I was pretty content with this pace line and I rode comfortably in it until the base of Hawi. The plan was always to push it up Hawi - within reason of course. I noticed in this same pace line was a mate of mine in Blake Kappler, I knew that Blake would have a similar thought process and sure enough off he went. I deliberately let Blake make a small break of 10 -15 seconds on the pace line. I was confident I could bridge but I didn't want to drag the whole pack up with me. Allowing the gap meant that I could go hard enough to bridge, but also turn the screws on those behind. It worked a treat. By the time we got to the top of Hawi, there was a small group of about 5-6 of us left, the perfect amount, and with only 2 age groupers in front of this pack. This is where I was dealt my first bit of bad luck - my bike special needs bag was not there. It was VERY hot this year in Kona and my sweat rate was high. Not getting my special needs which had 2 flasks of my 'special potion' hurt, but I was still feeling fine so I wasn't concerned. I did know however that I would have a 'slump' as I was going to now run out of my own hydration mix and would be relying on the 'on course' nutrition for the final 30-40km of the bike. Coming down Hawi, Blake absolutely took off. We were hitting speeds in excess of 70km/h with wicked cross winds and it was sketchy. Old mate on a brand new Canyon hit the deck HARD, but the pace stayed high. I rode Kona with a bigger front chain ring this year as last year I lost a lot of ground by running out of gears on the descent. Not this year. It was scary, sketchy and exhilarating at the same time, but we got down Hawi with only 4 people left. The climb coming up from the base of Hawi to the highway is equally as hard as Hawi itself and I took my time up this climb, trying to keep my body cool in the oppressive heat.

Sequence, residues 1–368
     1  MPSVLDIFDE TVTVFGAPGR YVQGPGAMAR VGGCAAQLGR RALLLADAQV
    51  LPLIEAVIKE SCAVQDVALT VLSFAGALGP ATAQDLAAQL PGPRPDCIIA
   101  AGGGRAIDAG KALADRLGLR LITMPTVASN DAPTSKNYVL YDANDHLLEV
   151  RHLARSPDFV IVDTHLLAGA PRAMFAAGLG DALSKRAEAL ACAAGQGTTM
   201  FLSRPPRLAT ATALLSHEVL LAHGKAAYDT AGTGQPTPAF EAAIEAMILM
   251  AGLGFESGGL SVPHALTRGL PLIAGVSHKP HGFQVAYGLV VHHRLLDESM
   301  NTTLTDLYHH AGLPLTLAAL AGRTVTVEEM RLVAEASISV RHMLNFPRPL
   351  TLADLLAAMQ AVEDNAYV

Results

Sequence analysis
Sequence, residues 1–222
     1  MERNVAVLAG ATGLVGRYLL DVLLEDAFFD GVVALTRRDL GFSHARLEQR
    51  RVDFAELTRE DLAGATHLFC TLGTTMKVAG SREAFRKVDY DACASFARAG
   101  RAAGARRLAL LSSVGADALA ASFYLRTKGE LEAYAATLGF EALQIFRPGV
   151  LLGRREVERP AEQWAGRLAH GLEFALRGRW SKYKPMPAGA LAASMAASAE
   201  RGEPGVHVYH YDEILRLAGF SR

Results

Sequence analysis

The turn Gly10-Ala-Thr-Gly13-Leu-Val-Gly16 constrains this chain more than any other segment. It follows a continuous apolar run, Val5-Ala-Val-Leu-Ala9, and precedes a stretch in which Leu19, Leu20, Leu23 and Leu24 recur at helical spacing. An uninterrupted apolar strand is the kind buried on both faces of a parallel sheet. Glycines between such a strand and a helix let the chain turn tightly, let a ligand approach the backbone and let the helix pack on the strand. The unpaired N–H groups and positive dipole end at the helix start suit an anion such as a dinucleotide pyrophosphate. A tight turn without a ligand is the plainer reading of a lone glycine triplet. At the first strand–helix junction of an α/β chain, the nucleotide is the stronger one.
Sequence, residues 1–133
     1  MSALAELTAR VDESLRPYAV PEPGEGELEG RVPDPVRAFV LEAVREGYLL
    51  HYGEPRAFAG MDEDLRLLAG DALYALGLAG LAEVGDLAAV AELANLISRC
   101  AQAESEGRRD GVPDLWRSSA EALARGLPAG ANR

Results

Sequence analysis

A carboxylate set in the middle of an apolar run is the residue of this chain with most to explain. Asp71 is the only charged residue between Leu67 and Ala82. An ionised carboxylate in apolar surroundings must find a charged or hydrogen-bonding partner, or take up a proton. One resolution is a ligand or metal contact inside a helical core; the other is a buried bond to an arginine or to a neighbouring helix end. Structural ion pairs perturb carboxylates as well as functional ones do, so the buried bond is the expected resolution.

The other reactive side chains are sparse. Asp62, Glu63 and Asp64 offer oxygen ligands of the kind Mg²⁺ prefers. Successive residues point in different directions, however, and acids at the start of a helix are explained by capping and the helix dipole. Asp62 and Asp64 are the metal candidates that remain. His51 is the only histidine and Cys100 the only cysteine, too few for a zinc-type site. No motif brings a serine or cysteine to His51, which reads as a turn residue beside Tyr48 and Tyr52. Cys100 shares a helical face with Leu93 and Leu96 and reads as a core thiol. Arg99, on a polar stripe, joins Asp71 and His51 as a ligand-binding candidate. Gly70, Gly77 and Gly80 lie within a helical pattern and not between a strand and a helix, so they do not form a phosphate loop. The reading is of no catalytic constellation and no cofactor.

The final 40km into turned really turned it on. Our group of 4 started to splinter and I decided to push on as I was feeling rather good still. I came off the bike 2nd in my age division and with a split of 4:51:28.
Through transition, again I felt really good. I dropped all of my nutrition as I was running out of transition and unfortunately 2 of my 'Hot Shots' rolled under the barricade and onto the cycle course where I could not reach them. Again, I wasn't concerned at this point. As I started running, it became very clear to me that something was 'different' this year. My pace out of transition was slow, yet I was flying past people. We had trained to run sub 4:30/km's and I knew I could do that with ease. I was running near 5min/km's and flying past people. It was bizzare. Within 1 mile, I was leading my age groups race. The exact position I had trained the whole year for. At about the 5km marker, something clicked and my running legs came back and they come on really strong. From kilometres 5 - 15, I ran somewhere between 4:20 - 4:30km's - right on plan. I went past my wife at km 15 and she told me I was winning. Legitimately - no more than 500m later I was a walking mess. I have never felt anything like it. It was as if someone had ripped the carpet from under my feet and I was in 'free fall'. Still in first, I tried to gather my thoughts and took some more nutrition. I knew that I would come good again - it was just a matter of time and riding this bad section out. I got to the turn around in the energy lab still in second place and in my mind I was now focused on getting that illusive 'bowl'. I tried everything hey - I tried skipping, walking backwards, side skipping - no matter what I did, my body was just not playing ball. Those precious bits of nutrition that I had missed on the bike and rolled away at the start of run I could have so dearly used. I spent the last 15km of the run absolutely grovelling home, so determined to get a 'bowl'. I got to the top of Palani hill, with the finish line no more than 2km away and I was passed by a group of my age group competitors. I finished 10th. 2016 was the best feeling of my life to date, 2017 - up there with the worst.